Girgols and Notre-Dame de la Nativity

Star Travel Rating

5/5

Review type

Things to do

Location

Date of travel

2012

Product name

Product country

Product city

Travelled with

Husband

Reasons for trip

You won’t find this in the guide book and and apart from a few pictures, there is virtually nothing on the web. We found it by chance having seen a sign for 'Église Romane' off the main road (D922) north of Aurillac and decided to investigate.

It was a lovely drive through woodland and pasture with Salers cows. There was the constant sound of cow bells.

Girgols is a tiny hamlet with a few old stone houses round the church and a small lavoir. A few houses are still lived in, some are holiday gîtes, but several are now derelict. We parked on the road by the church which is reached along a grassy path. It was locked but we found someone working in one of the derelict houses who told us that we could get the key from the big house with the black gate below the church. Madame came to unlock the church with a huge, very old metal key and we were told to leave the door open.

Notre-Dame de la Nativité is thought to have been built on a pagan site. It is a small rectangular building set in a round grassy enclosure with a stone wall. The church was originally the oratory of a priory attached to Aurillac. It has buttressed walls, a stone slab roof and two bells in a cloche peigne at the west end, which is a later addition. The sacristy on the north wall by the chancel was also added later.

Entry is through the south door. The old wooden door has three small diamond windows above. It is flanked by small round pillars with carved capitals supporting a round arch with carvings and small diagonal windows above. Above is a later rectangular window with glazing bars – part of the 19thC modifications?

Inside the door is a very old stone font. By the north wall is the remains of a stone host box on a pillar. Above is a memorial to the dead of World War One with 10 names, the French flag and statues of Joan of Arc and St Theresa by it.

On the west wall are remains of old wooden pews, a casualty of the 19thC renovations. Steps lead up to a wooden gallery across the west end.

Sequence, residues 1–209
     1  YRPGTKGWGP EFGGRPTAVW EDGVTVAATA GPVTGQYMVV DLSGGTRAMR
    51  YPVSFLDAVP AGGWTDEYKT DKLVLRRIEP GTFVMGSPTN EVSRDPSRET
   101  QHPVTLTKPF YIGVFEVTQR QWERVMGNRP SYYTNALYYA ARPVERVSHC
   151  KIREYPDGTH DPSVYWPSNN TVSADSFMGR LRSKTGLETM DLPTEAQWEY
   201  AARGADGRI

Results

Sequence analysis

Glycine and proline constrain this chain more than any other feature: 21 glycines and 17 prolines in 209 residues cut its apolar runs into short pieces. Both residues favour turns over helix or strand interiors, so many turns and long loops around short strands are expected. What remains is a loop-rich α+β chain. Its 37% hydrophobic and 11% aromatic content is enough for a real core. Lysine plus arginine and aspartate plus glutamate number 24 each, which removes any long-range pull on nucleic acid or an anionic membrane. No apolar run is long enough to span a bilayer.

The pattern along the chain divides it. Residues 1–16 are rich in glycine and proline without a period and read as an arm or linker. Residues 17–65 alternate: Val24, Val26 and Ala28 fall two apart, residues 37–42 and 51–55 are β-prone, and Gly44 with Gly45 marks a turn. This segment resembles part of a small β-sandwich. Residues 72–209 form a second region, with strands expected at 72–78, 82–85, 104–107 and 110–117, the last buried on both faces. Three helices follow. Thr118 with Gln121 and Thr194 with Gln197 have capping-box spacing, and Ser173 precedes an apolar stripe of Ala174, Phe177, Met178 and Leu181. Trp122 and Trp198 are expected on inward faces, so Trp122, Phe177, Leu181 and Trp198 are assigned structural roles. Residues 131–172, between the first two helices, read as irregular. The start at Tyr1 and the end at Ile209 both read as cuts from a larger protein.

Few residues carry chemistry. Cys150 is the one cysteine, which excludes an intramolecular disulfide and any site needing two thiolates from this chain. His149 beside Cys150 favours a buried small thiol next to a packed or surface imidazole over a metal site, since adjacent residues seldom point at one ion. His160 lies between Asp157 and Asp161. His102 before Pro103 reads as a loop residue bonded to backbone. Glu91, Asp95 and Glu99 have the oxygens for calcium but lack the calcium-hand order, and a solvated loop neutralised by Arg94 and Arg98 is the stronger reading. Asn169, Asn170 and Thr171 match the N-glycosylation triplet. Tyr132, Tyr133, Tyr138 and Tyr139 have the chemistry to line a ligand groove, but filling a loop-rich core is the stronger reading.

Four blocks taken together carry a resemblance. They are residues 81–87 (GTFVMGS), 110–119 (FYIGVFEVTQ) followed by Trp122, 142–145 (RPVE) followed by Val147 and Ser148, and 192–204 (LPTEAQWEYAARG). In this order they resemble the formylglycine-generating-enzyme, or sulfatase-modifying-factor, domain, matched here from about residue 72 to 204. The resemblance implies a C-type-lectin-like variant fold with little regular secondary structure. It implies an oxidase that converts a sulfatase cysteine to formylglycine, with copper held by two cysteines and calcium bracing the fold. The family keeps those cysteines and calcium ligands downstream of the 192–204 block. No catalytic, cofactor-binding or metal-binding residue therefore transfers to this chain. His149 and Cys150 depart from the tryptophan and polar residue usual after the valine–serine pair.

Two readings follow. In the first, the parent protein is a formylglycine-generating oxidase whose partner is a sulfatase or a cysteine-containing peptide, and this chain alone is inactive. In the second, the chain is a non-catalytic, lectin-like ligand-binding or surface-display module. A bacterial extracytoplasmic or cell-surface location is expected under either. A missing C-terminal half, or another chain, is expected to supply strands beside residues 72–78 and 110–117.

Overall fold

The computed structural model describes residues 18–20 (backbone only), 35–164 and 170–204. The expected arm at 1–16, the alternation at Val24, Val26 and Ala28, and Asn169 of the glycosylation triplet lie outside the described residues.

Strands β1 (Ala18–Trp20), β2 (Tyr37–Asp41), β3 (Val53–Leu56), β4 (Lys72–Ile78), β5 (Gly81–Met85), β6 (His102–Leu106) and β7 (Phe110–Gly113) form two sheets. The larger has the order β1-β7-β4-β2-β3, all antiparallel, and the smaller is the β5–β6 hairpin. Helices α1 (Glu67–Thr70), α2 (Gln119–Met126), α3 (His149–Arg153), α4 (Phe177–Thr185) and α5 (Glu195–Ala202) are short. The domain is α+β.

The nave is later than the chancel and has a vaulted ceiling which was lowered in the 19thC. Chandeliers provide light. There is a big carved wooden altar on the north wall and a wooden confessional on the south wall with St Antoine de Padoue. Beautiful modern stained glass windows have scenes of the Annunciation, presentation of Jesus at the temple and the Assumption of the Virgin Mary.

The chancel is narrower than the nave. On either side of the chancel arch are small wooden altars with retables carved to resemble the east end of a Gothic style church. The south altar has a statue of Jesus clothed in red, blue and gold on the host box. The north aisle a statue of Notre-Dame de Lourdes. On the wall near it is a framed icon of the Virgin and Child. Between the altars is a simple free standing mass altar.

The remains of the round chancel arch is partially hidden by the later additions to the nave. The chancel has a barrel apse. There is a stone bench round the base of the walls. Above this, round pillars support blind, round topped arches with statues of St Roch, Joseph and the young Jesus and St Peter.

The white stone high altar has a blue marble effect front with a carving of a sheep on the base. There is a small retable with very decorative gilt host box. This has a pelican plucking her breast with three babies in the door. Above are two cherub heads with garlands. There are carvings of painted angels on either side of the altar.

This is a delightful church in a delightful setting. It really is a hidden gem and well worth discovering.

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